CEDAR RAPIDS — It could be a hiatus. Or the permanent end of a long tradition.
This year’s championship matches at the state volleyball tournament will not be televised. Not live. And not on tape-delay.
“It’s just a situation in which Ken Krogman (with the Iowa High School Sports Network) couldn’t sell any advertising,” said Mike Dick, executive director of the Iowa Girls High School Athletic Union. “It’s got to be profitable for them to make it worthwhile.”
The tournament finals had been televised on a consistent basis for decades. Sometimes live, sometimes taped. Sometimes on Iowa Public Television, sometimes on Mediacom.
“I don’t remember the tournament even not being televised,” Dick said. “We’ll look at this on a year-to-year basis.”
This year, fans have two options.
They can follow the finals on their computer — a live stream is available at www.ihssn.com for $4.99 — or they can buy a ticket.
“I don’t mean to sound callous, but I’d like more people to come and watch for themselves,” Dick said.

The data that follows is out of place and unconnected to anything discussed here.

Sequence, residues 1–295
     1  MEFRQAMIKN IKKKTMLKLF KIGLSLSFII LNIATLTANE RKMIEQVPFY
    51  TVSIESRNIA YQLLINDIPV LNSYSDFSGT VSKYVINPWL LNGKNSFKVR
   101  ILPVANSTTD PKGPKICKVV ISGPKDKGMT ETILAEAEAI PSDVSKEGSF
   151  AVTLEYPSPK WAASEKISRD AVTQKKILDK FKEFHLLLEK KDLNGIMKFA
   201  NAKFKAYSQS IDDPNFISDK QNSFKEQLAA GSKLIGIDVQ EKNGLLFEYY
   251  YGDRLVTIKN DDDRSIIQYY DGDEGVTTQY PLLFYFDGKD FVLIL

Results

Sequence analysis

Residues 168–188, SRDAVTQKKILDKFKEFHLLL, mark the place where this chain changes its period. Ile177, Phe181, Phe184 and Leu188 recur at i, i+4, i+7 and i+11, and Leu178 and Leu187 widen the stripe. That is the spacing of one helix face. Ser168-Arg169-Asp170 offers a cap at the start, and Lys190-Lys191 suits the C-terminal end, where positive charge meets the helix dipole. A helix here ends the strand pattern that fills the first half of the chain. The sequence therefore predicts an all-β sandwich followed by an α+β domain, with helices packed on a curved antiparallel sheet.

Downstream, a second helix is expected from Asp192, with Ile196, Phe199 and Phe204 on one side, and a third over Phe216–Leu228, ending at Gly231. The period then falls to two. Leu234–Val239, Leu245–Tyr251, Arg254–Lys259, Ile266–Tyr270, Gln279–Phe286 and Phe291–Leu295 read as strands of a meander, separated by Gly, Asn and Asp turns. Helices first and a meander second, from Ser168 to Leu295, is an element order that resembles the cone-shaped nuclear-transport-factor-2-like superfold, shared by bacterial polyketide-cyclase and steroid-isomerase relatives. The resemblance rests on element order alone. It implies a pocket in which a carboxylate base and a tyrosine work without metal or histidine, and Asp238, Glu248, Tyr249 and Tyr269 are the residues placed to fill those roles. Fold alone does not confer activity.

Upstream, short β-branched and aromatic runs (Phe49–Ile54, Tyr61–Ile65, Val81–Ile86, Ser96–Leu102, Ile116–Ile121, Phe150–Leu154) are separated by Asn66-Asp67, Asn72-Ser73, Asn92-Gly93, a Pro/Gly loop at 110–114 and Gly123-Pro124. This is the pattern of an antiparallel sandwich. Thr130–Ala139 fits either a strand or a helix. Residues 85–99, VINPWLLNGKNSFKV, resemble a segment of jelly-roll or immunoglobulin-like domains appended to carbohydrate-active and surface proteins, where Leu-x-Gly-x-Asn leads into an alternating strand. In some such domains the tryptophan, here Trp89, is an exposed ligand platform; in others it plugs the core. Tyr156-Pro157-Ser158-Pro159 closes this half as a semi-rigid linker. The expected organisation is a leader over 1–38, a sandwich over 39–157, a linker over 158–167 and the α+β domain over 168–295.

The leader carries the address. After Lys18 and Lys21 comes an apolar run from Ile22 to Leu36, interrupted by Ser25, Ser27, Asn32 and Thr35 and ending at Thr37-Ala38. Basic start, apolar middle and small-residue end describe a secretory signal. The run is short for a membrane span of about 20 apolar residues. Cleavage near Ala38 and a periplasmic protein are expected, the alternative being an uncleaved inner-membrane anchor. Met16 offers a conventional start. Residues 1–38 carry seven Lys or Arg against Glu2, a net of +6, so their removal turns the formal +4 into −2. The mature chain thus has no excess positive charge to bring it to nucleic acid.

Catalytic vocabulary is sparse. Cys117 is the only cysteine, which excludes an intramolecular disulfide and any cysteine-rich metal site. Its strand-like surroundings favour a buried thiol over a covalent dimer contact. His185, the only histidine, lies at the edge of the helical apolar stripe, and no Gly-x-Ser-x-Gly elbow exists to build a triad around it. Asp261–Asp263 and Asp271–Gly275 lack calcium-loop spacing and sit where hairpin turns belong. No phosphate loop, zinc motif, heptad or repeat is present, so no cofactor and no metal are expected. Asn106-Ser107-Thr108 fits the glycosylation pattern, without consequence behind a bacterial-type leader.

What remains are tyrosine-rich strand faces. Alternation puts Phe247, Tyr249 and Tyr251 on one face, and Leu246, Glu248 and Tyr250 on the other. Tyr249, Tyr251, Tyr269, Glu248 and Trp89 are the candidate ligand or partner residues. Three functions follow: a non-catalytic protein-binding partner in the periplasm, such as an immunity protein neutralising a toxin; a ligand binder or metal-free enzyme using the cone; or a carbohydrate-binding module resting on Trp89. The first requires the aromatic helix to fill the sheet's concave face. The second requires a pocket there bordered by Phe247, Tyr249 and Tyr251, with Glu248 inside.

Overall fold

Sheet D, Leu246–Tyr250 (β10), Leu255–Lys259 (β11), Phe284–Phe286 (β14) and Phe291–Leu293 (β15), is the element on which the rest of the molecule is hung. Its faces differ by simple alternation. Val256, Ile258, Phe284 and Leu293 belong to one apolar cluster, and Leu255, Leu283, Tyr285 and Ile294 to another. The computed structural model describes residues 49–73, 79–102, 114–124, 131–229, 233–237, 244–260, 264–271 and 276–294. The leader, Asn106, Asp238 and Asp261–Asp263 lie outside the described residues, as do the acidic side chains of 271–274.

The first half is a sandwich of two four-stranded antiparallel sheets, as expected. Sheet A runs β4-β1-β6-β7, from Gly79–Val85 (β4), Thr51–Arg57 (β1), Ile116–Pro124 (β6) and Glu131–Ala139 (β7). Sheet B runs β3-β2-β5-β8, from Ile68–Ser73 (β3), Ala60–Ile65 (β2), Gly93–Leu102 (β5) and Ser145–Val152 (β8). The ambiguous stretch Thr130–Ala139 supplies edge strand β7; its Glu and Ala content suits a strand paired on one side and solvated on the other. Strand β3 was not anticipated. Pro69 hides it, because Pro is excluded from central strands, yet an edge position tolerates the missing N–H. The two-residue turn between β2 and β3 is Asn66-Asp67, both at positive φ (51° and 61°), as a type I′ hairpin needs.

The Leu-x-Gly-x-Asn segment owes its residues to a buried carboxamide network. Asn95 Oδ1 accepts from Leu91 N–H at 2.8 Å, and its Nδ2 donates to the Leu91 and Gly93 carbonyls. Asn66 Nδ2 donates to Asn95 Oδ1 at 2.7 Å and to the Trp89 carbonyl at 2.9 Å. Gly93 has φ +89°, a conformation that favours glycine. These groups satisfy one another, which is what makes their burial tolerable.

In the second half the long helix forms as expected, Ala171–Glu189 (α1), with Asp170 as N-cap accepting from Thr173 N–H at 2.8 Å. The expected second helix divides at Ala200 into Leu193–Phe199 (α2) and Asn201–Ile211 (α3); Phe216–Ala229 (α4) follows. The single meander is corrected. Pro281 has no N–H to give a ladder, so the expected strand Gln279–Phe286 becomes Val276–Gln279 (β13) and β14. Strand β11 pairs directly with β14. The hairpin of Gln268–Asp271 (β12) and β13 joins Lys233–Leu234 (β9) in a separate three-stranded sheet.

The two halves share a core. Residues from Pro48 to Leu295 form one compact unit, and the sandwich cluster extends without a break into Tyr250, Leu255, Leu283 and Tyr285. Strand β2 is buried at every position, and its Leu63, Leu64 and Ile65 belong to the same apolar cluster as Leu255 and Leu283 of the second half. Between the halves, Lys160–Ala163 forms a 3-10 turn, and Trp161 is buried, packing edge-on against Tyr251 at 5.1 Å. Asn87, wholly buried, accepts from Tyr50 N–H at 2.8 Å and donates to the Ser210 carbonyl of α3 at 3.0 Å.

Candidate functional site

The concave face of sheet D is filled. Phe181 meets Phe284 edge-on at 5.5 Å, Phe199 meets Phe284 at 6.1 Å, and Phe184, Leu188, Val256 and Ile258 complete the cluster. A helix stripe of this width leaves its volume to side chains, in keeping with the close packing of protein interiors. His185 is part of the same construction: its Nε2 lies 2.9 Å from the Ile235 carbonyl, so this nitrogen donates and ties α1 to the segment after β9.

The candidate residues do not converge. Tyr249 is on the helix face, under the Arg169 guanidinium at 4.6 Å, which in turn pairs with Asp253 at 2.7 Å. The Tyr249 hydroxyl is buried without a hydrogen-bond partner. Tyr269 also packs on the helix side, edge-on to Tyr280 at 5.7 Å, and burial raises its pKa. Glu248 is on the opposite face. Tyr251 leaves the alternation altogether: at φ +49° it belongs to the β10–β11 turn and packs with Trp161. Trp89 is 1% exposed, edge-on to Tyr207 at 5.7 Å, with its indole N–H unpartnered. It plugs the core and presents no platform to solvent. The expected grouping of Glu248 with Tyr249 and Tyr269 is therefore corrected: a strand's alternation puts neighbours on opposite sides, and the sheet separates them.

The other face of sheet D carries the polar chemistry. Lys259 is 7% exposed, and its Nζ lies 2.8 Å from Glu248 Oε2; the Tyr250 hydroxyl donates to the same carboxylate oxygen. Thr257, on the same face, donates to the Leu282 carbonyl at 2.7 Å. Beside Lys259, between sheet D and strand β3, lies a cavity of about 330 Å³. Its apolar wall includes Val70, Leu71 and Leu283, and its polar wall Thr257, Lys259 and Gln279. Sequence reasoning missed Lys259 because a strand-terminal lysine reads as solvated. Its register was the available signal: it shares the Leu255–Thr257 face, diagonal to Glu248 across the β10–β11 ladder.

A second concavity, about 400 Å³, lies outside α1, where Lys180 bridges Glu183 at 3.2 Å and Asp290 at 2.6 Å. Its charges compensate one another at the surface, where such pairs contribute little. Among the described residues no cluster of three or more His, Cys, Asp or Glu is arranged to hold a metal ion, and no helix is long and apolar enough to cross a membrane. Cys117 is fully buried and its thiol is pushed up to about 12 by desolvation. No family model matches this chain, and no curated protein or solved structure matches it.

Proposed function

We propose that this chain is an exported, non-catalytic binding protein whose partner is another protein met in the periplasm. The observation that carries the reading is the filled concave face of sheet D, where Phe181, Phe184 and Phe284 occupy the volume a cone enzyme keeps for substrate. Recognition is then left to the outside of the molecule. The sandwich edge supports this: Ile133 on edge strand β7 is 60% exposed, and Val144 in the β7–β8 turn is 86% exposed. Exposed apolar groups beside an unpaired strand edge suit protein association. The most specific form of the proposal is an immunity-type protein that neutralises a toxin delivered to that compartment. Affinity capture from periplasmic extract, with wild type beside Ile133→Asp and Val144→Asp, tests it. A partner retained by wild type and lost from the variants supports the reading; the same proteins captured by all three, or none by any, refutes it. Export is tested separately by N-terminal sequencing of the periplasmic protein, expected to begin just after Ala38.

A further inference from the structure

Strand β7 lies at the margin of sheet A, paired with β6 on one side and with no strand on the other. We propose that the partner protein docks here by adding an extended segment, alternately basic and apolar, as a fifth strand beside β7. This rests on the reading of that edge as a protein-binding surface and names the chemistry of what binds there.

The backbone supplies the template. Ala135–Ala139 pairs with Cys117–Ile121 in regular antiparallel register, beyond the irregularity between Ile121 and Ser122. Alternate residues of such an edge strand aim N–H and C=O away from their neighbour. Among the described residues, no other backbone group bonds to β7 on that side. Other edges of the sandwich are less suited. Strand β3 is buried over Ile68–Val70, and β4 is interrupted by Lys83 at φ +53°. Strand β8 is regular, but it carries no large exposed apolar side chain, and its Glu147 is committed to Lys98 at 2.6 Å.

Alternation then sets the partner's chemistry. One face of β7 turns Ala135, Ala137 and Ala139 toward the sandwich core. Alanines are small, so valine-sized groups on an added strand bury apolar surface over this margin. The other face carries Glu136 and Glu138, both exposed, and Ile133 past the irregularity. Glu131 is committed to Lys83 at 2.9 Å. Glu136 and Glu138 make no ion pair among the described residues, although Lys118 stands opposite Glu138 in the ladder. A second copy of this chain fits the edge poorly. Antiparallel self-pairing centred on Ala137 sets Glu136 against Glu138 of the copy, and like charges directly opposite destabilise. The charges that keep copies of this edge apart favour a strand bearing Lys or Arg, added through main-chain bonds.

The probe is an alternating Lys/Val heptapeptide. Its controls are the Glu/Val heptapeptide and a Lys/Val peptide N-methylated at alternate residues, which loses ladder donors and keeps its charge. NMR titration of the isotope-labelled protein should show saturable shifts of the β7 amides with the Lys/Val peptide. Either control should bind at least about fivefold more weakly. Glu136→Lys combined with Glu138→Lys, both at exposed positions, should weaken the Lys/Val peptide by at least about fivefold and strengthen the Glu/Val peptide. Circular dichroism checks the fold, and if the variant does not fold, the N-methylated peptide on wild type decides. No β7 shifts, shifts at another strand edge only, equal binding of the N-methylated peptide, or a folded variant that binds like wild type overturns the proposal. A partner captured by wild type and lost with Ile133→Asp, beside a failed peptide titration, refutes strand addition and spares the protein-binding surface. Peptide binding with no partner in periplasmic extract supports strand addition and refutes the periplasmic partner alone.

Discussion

Bad break for Biermann
Cedar Rapids Xavier’s Kelly Biermann suffered a broken fibula in her left leg in Wednesday’s Class 4A quarterfinal win over Waukee.
“She had gone up for a block and turned in transition to find the ball,” said Xavier Coach Barb Brunow. “It had fallen short so as she turned to find it, one of the other girls was actually passing the ball.
“I think Kelly stepped on her foot.”
Brunow said that Biermann — one of two junior starters on a senior-dominated team — will not need a cast, but will be in a boot for six weeks.
Sarah Otting will take Biermann’s spot in the lineup when the sixth-ranked Saints (30-11) face No. 1 Ankeny (34-3) in a semifinal at noon Friday.
Three Class 1A teams were making their first state appearances, and all of them had a storyline.
* Alta is in its final year on its own before entering a whole-grade sharing agreement with Aurelia.
* Janesville is making its first state trip in any major girls’ sport.
* Stanton is a tiny 1A school, but the Viqueens aren’t hurting for able bodies. More than half of the school’s female student population is in the volleyball program.